On October 19, 2017, the Toronto Stock Exchange (TSX) announced that it had adopted two sets of amendments to the TSX Company Manual after a lengthy consultative process — see our earlier posts of June 4, 2016 and May 5, 2017.  In short, the amendments relate to disclosure requirements for security-based compensation arrangements such as stock option plans and to website disclosure of certain corporate documents.  This post will deal with each in turn.

Security-Based Compensation Arrangements

The amended disclosure requirements for security-based compensation arrangements will be effective for financial years ending on or after October 31, 2017.  In other words, these changes are effective almost immediately.  Technically, the new requirements are set out in amendments to section 613(d) and in new section 613(p) of the TSX Company Manual.

Under section 613(d), as amended, for a shareholders’ meeting at which approval is sought for a security-based compensation arrangement such as a stock option plan or other similar plan, and also on an annual basis, the management information circular must set out, as applicable, (i) the maximum number of securities issuable under the plan as a fixed number together with the percentage which the fixed number represents of the number of issued and outstanding shares, or the fixed percentage of the number of issued and outstanding shares; (ii) the number of outstanding securities awarded under the plan, together with the percentage this number represents of the number of issued and outstanding shares; and (iii) the total number of securities that remain available for grant under the plan together with the percentage that this number represents of the number of issued and outstanding shares.


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Institutional Shareholder Services (ISS) and Glass, Lewis & Co. (Glass Lewis) have both released updates to their Canadian proxy voting recommendation guidelines for the 2015 proxy season. The items updated include those pertaining to the definition of independence, advance notice requirements, by-law amendments, private placements, treatment of majority voting policies, shareholder rights plans and advance notice policies.

The following summary outlines the significant changes made by ISS (ISS Updates) and Glass Lewis to their respective Canadian proxy advisory guidelines.

ISS

Definition of Independence. The current guidelines recommend that votes be withheld for any “insider” or “affiliated outside director” where the board does not have a majority of independent directors or the board lacks a separate compensation or nominating committee.  The ISS Updates provide that an assessment as to independence will be made on a case-by-case basis.  ISS will deem a former CEO to be independent for the purposes of serving on the board or any key committee, including the audit committee, after a five year cooling off period unless certain factors indicate otherwise.  Specifically, the ISS Updates include a provision that deems any director nominee who has any material relationship with the issuer or with any one or more members of management of the issuer not to be independent.  A material relationship is defined as a relationship (financial, personal or otherwise) that a reasonable person might conclude could potentially influence one’s objectivity in the boardroom in a manner that would have a meaningful impact on an individual’s ability to satisfy requisite fiduciary standards on behalf of shareholders.  ISS will also recommend a withhold vote from any director who has served as the CEO of the issuer within the past five years and is a member of the audit or compensation committee.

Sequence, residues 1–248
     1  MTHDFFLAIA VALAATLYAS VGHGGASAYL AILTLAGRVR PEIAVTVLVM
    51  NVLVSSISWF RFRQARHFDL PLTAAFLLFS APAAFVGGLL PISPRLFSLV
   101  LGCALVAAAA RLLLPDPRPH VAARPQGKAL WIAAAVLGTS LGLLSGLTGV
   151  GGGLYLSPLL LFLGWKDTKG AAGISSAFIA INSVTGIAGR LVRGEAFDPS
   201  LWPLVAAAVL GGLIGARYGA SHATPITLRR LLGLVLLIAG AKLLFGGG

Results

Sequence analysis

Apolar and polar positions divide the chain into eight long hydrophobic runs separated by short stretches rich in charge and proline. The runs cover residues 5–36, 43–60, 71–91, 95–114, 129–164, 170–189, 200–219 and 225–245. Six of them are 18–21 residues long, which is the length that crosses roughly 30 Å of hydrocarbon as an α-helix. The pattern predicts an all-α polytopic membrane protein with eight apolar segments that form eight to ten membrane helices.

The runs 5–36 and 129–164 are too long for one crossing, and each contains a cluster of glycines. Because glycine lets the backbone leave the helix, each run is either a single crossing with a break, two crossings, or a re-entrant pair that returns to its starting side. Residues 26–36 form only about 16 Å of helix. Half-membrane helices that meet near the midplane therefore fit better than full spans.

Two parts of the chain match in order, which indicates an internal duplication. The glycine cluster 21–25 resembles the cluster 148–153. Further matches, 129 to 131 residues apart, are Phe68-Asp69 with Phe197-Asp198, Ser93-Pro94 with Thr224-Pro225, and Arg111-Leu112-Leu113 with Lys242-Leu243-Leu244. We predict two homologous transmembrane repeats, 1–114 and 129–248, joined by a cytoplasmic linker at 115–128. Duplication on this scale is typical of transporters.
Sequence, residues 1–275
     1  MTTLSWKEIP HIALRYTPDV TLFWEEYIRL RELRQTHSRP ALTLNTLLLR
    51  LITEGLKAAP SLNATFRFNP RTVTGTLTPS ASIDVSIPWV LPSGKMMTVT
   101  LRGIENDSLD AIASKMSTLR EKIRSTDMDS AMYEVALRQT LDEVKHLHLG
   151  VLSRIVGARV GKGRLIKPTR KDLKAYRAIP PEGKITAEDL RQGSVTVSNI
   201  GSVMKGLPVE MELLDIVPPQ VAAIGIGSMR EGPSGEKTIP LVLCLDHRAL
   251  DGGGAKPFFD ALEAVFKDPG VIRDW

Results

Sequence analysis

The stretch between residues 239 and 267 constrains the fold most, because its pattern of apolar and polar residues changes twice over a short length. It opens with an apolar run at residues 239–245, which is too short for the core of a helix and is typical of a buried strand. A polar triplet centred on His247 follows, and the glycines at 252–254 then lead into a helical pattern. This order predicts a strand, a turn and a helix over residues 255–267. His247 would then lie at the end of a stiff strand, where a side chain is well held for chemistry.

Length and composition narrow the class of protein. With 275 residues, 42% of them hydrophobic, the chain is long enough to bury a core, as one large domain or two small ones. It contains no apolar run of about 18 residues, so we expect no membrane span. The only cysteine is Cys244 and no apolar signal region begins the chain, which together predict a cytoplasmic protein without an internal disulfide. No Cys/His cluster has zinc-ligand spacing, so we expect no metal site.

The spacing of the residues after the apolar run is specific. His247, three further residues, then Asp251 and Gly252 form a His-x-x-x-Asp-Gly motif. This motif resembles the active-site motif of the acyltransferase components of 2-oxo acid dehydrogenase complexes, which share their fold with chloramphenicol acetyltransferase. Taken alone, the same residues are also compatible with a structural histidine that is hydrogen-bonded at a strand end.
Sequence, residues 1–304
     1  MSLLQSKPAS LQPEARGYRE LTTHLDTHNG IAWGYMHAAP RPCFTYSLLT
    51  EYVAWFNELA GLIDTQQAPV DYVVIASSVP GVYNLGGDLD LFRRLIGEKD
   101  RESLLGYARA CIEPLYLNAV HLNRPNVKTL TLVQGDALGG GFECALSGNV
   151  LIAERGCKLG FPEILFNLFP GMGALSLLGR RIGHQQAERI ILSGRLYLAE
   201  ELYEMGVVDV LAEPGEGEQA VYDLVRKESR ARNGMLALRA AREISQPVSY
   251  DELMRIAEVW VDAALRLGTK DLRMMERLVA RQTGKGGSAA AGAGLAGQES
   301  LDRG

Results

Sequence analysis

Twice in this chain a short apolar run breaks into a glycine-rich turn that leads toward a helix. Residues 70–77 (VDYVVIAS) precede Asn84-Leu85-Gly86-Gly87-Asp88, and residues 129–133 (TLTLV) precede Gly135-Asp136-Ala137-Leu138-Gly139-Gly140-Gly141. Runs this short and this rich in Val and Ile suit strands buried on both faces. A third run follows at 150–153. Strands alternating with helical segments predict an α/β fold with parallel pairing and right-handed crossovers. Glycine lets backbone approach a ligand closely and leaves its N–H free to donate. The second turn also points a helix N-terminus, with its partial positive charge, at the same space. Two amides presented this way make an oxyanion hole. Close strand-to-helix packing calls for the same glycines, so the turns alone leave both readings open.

Advance Notice Policies. With respect to Advance Notice Policies, ISS will generally recommend that investors withhold votes from individual directors, committee members, or the entire board as appropriate in situations where an Advance Notice Policy has been adopted by the board but has not been included on the voting agenda at the next shareholders’ meeting.  The rationale behind the recommendation is that certain problematic provisions included within these bylaws/policies could potentially interfere with a shareholder’s ability to nominate directors.  ISS is of the view that the ability for shareholders to put forward potential nominees is a fundamental right and should not be amended by management or the board without shareholders’ approval.  ISS considers the following features problematic:

  • for a notice of annual meeting given not less than 50 days prior to the meeting date, the notification timeframe within the advance notice requirement should allow shareholders the ability to provide notice of director nominations at any time not less than 30 days prior to the meeting.  The notification timeframe should not be subject to any maximum notice period for annual meetings.  If notice of annual meeting is given less than 50 days prior to the meeting date, a provision to require shareholder notice by close of business on the 10th day following first public announcement of the annual meeting is supportable.  In the case of a special meeting, a requirement that a nominating shareholder must provide notice by close of business on the 15th day following first public announcement of the special shareholders’ meeting is also acceptable;
  • the board’s inability to waive all sections of the advance notice policy, in its sole discretion;
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